About 20% of United States tax dollars are spent on heathcare.  Naturally, reducing improper payments has been a priority of CMS. Thus, all medical practice managers and healthcare providers should be aware of CMS’s process of contracting with Uniform Program Integrity Contractors (UPIC’s), private entities hired by CMS Health-Audit-300x200to audit providers suspected of fraud. UPIC contracts combine Zone Program Integrity Contractors (ZPIC’s) and Medicaid Integrity Contractors (MIC’s) to coordinate Medicare and Medicaid auditing. UPIC’s focus primarily on Medicare claims, and seek to distinguish between provider billing errors or fraud.

UPIC Audit Lawyers

Our business and healthcare law firm follows legal trends in the healthcare industry.  UPIC’s are private sector organizations that review Medicare claims in order to assist the government in recovering overpayments to healthcare providers.  UPIC audits are often generated through data analysis or by review of consumer complaints and most often target specific healthcare providers. UPIC’s conduct screening, medical reviews, and investigations, while also implementing remedies and collaborating with state and local governments to ensure compliance with payment guidelines. UPIC’s are organized regionally, with Georgia and South Carolina falling in District 4 and managed by Safeguard Services.  In recent years, home health agencies, DME companies, therapy clinics, and laboratories have been targets for fraud investigations through extensive audits.

A UPIC audit can result in payment suspension to the provider once there is reliable information that overpayment exists, incorrect payments have been made, or when there is a credible allegation of fraud. Payment suspension has created controversy in recent years, since credible allegations of fraud permit the UPIC to take administrative action immediately. Credible allegations of fraud are defined by 42 C.F.R. § 405.370(a)  as an allegation from any source, including but not limited to fraud hotline complaints, claims data mining, patterns identified through provider/supplier audits, civil false claims cases, and law enforcement investigations. Additionally, allegations are considered credible when they have an “indication of reliability.”

Once payments have been suspended, an appeals process may follow. The CMS Manual System  outlines some of the process of navigating through a UPIC audit. Consulting an experienced attorney can mitigate headache and additional issues that may arise down the road as you navigate through the appeals process.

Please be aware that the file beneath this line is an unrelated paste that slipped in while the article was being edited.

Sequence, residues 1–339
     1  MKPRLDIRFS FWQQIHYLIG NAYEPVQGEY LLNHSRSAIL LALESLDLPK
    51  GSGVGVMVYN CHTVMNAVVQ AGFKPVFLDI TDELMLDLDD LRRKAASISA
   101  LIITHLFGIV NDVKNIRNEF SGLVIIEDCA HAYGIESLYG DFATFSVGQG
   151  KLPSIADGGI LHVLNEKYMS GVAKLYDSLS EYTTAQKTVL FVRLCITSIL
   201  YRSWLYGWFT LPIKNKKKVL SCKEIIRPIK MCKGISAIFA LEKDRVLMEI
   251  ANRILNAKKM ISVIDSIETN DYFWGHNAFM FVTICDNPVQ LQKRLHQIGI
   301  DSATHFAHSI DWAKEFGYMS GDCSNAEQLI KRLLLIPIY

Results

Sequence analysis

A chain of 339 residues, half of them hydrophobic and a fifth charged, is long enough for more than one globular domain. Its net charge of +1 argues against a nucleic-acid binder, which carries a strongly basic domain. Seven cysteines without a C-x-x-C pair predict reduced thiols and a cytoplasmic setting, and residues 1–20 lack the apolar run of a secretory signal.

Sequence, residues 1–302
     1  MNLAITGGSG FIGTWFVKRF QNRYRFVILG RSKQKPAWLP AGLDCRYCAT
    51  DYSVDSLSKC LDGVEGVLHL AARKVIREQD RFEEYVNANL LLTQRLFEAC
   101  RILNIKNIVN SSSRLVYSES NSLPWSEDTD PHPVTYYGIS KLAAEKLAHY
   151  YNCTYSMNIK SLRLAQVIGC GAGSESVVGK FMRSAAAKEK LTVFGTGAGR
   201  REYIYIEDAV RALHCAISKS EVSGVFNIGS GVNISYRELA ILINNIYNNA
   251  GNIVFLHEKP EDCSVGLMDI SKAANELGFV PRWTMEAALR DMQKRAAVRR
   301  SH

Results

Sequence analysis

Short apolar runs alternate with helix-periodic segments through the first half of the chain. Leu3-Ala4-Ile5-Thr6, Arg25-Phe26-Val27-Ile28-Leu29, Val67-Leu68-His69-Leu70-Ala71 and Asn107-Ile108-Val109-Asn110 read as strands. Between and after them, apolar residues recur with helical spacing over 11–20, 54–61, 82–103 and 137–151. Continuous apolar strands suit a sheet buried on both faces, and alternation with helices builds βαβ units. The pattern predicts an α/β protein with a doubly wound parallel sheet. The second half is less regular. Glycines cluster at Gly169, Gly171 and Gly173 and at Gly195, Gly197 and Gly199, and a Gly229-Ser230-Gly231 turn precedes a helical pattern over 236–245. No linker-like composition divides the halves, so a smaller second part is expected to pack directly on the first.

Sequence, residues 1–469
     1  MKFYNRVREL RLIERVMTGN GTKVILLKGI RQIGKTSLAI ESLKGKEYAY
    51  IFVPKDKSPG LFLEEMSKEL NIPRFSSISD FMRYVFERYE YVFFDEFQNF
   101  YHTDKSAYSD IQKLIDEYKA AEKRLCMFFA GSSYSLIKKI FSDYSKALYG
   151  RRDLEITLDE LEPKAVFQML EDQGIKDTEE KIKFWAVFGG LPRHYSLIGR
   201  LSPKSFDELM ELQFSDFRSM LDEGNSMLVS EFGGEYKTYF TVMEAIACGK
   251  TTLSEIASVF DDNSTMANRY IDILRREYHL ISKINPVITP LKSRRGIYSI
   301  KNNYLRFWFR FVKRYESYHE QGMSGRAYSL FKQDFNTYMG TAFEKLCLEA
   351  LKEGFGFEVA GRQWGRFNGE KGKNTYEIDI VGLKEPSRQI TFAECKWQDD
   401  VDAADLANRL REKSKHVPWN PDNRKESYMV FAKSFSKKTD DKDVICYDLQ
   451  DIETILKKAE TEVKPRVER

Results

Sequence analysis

Steps in Navigating Through Payment Suspension: 

  • Often, suspensions occur without notice. Sometimes, providers may receive a probe audit of up to 10 claims. Often, the probe audit is what gives rise to the payment suspension.
  • If prior notice is received which indicates that a payment suspension will occur, the provider has 15 days to rebut.
  • Within 15 days of receiving the rebuttal, the contractor is required to respond to the rebuttal. Then, CMS will determine if the suspension should be removed or remain in place. Most suspensions stay in place.
  • Initial payment suspension can last up to 180 days, with up to two 180 day extension periods that are not appealable.
  • During a period of payment suspension, a supplier may still provide services and submit claims. Instead of the claims being paid to the provider, the payments are temporarily moved to an escrow account that is managed by the UPIC.
  • Upon any finding of fraud, the UPIC will direct its findings to the Department of Justice or Office of the Inspector General, who will submit recommendations and their findings of overpayments.
  • Any overpayment that is discovered is taken from the escrow account upon conclusion of the case. Any remaining balance would return to the practice.
  • The healthcare provider may appeal identified overpayments through the Medicare administrative appeals process.

Healthcare providers can take precautions within their practice to avoid being subject to an audit. By communicating with staff, identifying potential problem areas, regularly conducting internal reviews of billing claims, and consulting an experienced attorney about their billing practices, providers can be better prepared for audits.


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**Disclaimer: Thoughts shared here do not constitute legal advice. Please consult with an attorney to discuss your legal issue.

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